Authors: Martin McDonagh

  • Last updated on December 10, 2021

British playwright

Author Works


The Beauty Queen of Leenane, pr., pb. 1996

The Cripple of Inishmaan, pr. 1996

A Skull in Connemara, pr., pb. 1997

The Lonesome West, pr., pb. 1997

Plays, pb. 1999

The Lieutenant of Inishmore, pr., pb. 2001

Radio Play:

The Woolf and the Woodcutter, 1995


The drama of Martin McDonagh (muhk-DUHN-uh), characterized by cruel and merciless humor, is claimed by two contemporary literary and dramatic traditions, the Irish and the British. Often viewed as representative of a new kind of theater, Rough Theatre, McDonagh’s plays have received enthusiastic praise by both critics and audiences for his talent for storytelling and gripping dramatic dialogue.{$I[A]McDonagh, Martin[MacDonagh, Martin]}{$I[geo]ENGLAND;McDonagh, Martin[MacDonagh, Martin]}{$I[geo]IRELAND;McDonagh, Martin[MacDonagh, Martin]}{$I[tim]1970;McDonagh, Martin[MacDonagh, Martin]}

McDonagh grew up in Camberwell, a blue-collar district in South London. His parents had emigrated from Ireland before his birth. His father, a construction worker, was a native of Connemara, Galway, while his mother, a part-time housekeeper, came originally from Sligo. Martin McDonagh spent most of his summers in the west of Ireland, thus maintaining a live connection to an Irish cultural and linguistic heritage. He dropped out of school at sixteen and worked as a civil servant while writing, first, short stories and then, inspired by his brother John, radio scripts and screenplays. After five years of continuous manuscript rejections, McDonagh began writing plays whose plots and characters have reanimated, both respectfully and irreverently, Ireland’s theatrical tradition, especially the work of Dion Boucicault, John Millington Synge, and Sean O’Casey. In 1995 McDonagh became a writer in residence at the Royal National Theatre in London.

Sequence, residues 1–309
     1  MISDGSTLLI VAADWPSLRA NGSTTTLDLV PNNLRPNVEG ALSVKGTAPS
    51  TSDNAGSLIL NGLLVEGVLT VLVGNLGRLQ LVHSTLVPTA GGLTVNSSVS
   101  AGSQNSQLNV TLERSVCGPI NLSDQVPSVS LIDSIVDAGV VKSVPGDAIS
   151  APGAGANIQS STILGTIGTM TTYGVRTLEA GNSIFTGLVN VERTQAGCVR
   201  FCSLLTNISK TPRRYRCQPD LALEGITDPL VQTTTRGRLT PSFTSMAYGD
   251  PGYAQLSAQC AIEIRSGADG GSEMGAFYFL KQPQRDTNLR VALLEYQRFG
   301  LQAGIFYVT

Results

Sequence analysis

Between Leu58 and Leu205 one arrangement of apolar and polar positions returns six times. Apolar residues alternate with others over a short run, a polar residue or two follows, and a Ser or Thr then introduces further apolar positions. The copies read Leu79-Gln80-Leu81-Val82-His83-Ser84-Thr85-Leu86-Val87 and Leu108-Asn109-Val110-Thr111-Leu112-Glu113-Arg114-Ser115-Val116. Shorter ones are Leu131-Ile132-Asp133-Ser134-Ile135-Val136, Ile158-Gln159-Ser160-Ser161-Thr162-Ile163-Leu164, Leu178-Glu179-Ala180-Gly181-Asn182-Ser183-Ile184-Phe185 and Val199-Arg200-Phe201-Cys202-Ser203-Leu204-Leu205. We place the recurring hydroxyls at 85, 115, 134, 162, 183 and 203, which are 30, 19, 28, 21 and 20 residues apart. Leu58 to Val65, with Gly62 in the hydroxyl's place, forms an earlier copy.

It was The Beauty Queen of Leenane that brought McDonagh public and critical acclaim in 1996. He claims to have written the play in only eight days. With The Beauty Queen of Leenane, a coproduction of the Druid Theatre in Galway and London’s Royal Court Theatre, McDonagh won the Evening Standard Award and the London Critics Circle Award for most promising newcomer to the British stage as well as the Writer’s Guild Award for best fringe play. His success continued in 1998 in New York, where The Beauty Queen of Leenane was presented by the Atlantic Theater Company. Nominated for six Tony Awards, the play won four. It also received New York’s Drama Desk, Drama League, Lucille Lortel, and Outer Critics Circle Awards for best play as well Time magazine’s Best of Theater Award. Among his other prizewinning plays are The Cripple of Inishmaan and the black comedy The Lonesome West, which in 1999 was nominated for a Tony Award in four categories, including Best Play. In 1997, A Skull in Connemara received a nomination for an Olivier Award for Best New Comedy. McDonagh’s radio play The Woolf and the Woodcutter brought him distinction at the London Radio Playwrights’ Festival in 1995, and, three years later, a bronze medal for best writing at the International Radio Festival of New York.